On Jan 29, the Malaysian government banned 11 books, one of them The Two Faces of Islam: Saudi Fundamentalism and Its Role in Terrorism authored by Stephen Schwartz, a Muslim convert.
Schwartz suggested that ‘Saudi-Wahhabi agents’ in Malaysia had become alarmed by the publication of the book in Bahasa Indonesia, Dua Wajah Islam .
In a protest statement against the Malaysian ban, Schwartz commented: ‘It’s contemptible and, frankly, reveals the backward-looking attitudes of authorities in Malaysia, a country which prides itself on its alleged modernisation as an economic tiger.
‘In reality, books cannot be banned today. They are smuggled, pirated – especially in Southeast Asia – downloaded, and, in the case of my book, can easily be imported from Indonesia and read by Malaysians who do not know English’.
Regardless of Schwartz’s wild guess, book banning in Malaysia of late has gone beyond ‘Saudi- Wahhabi agents’.
Before The Two Faces of Islam , the Internal Security Ministry banned four titles on religious fundamentalism over two years. They are:
Islamic Fundamentalism since 1945 (banned 07 June 2007),
Feminism and Islamic Fundamentalism: The Limits of Postmodern Analysis (26 April 2007),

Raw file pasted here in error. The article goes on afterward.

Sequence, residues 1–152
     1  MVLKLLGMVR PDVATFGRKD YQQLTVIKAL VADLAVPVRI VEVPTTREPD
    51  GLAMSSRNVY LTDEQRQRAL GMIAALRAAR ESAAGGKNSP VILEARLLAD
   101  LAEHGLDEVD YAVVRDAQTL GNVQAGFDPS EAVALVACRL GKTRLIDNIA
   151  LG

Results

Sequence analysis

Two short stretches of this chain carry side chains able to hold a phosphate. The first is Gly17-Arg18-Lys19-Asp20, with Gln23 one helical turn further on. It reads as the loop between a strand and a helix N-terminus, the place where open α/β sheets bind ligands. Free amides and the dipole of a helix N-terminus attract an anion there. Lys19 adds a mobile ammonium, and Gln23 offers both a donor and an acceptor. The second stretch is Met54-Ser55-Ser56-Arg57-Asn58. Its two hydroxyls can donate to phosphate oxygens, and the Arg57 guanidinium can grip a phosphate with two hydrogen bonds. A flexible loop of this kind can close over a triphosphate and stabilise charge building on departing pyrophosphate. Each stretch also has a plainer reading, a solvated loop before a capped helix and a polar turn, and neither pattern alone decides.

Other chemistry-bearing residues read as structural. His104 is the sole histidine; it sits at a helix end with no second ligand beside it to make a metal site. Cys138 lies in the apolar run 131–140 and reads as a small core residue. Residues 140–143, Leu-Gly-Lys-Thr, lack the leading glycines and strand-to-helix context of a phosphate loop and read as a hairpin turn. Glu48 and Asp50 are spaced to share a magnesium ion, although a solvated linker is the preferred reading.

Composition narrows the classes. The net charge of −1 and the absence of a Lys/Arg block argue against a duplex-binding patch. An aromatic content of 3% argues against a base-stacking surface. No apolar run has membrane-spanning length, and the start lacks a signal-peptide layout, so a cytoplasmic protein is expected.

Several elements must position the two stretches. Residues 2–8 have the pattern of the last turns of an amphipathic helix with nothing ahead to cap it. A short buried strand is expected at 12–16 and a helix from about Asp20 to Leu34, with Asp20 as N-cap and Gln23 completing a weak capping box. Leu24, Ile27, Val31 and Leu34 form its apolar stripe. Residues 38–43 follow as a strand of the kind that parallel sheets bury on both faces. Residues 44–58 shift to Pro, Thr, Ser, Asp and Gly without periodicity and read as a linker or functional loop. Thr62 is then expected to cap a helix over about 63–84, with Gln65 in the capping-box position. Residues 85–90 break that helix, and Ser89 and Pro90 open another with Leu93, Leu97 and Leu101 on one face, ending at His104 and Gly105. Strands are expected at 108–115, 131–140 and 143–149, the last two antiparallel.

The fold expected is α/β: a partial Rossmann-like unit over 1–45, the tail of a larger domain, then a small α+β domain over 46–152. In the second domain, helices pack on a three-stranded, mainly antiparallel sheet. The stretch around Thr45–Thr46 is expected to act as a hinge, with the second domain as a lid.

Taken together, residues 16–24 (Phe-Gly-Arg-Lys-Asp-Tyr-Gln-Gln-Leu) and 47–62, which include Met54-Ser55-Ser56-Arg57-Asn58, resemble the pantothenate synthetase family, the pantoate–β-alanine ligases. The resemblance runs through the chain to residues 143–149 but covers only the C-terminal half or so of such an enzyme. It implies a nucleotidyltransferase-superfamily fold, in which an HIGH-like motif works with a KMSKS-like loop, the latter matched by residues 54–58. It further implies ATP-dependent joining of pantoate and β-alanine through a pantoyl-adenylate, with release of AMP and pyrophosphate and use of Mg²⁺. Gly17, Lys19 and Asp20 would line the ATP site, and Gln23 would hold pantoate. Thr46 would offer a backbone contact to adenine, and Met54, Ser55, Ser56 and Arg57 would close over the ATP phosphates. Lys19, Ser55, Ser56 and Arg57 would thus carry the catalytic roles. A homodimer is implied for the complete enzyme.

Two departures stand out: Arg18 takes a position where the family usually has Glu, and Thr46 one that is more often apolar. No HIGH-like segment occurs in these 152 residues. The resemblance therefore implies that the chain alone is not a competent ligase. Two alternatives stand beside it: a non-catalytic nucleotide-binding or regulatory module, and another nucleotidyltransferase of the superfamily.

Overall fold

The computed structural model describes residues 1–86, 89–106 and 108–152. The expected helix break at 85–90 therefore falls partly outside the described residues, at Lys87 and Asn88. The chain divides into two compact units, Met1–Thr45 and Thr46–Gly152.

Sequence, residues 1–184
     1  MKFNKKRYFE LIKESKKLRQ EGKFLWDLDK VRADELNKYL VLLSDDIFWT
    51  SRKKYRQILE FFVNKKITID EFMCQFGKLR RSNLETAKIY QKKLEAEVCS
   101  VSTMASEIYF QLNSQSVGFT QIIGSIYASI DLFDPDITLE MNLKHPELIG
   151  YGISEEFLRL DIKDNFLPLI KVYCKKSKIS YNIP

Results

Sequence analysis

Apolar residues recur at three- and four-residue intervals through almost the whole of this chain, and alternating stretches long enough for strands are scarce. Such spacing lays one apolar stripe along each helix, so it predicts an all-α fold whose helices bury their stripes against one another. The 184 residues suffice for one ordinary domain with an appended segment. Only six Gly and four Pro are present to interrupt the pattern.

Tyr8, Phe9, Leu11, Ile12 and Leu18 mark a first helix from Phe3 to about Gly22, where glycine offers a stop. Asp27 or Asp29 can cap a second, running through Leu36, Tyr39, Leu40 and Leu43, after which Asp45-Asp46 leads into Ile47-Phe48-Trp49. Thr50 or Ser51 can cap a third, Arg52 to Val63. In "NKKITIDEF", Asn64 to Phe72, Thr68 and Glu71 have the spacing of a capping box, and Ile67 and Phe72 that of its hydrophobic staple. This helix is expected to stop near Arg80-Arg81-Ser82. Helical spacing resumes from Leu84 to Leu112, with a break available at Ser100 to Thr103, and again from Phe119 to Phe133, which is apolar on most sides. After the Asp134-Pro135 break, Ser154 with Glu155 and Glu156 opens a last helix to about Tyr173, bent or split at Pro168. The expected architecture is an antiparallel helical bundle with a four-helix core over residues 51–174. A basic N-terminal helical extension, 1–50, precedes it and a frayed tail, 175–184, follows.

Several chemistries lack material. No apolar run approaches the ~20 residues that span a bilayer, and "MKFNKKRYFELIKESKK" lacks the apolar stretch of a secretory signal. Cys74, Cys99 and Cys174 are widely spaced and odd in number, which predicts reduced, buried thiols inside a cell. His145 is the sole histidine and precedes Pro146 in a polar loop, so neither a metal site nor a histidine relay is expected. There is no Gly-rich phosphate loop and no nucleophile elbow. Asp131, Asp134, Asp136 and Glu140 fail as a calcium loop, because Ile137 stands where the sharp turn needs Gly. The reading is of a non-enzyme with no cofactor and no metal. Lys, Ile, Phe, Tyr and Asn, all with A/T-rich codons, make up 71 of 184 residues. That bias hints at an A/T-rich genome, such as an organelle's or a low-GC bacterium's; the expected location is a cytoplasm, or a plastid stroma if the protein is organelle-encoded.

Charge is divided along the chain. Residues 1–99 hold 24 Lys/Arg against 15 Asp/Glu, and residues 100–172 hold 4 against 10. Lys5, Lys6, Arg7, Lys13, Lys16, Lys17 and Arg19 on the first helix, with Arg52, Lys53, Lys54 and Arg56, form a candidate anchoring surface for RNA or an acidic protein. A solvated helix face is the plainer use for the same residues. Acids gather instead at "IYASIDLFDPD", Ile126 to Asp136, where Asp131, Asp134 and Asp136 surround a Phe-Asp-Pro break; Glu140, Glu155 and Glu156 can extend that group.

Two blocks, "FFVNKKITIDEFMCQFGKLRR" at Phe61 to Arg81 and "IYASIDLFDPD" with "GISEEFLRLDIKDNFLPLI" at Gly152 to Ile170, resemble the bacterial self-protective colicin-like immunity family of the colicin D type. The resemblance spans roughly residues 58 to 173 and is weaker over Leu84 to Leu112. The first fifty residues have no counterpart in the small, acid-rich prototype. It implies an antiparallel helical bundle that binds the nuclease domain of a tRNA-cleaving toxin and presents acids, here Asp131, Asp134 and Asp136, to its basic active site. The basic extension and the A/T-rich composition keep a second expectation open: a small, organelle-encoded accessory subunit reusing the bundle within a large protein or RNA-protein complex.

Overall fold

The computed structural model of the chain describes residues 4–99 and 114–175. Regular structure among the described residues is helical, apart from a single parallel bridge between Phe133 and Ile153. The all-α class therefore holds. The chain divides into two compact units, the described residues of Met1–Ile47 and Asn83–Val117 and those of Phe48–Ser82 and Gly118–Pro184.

The Battle for God: Fundamentalism in Judaism, Christianity and Islam (8 June 2006) and,
A Fundamental Fear: Eurocentrism and The Emergence of Islamism (8 June 2006).
See the ministry's full list of banned books here .
Islamic fundamentalism is a broad phenomenon, not solely engineered or funded by the Saudi regime. In fact, fundamentalism is no longer a Christian or Muslim political landscape. It has gained currency and inflicted other religions too.
Karen Armstrong, in her banned book, describes religious fundamentalism of the 20th century as a response to modern, liberal, materialist globalised civilization. She writes: ‘The West has developed an entirely unprecedented and wholly different type of civilisation, so the religious response to it has been unique’.
Religious fundamentalists, she elaborates, ‘have absorbed the pragmatic rationalism of modernity, and, under the guidance of their charismatic leaders, they refine these ‘fundamentals’ so as to create an ideology that provides the faithful with a plan of action’.
Therefore, it is of no surprise that even Buddhism, Sikhism, Hinduism and Confucianism have developed fundamentalist factions.
That is why I find the banning is so overwhelming in that it shows the ‘two faces’ of Islam Hadhari as formulated by our present prime minister. On one hand, he tries to promote more tolerant, progressive and moderate Islam but on the other hand, his government has time and again banned such scholarly books on fundamentalism.
Does it mean our government is protecting and nurturing a fundamentalist mindset among Muslims? Has his Islam Hadhari project been infiltrated by fundamentalist elements in his bureaucracy?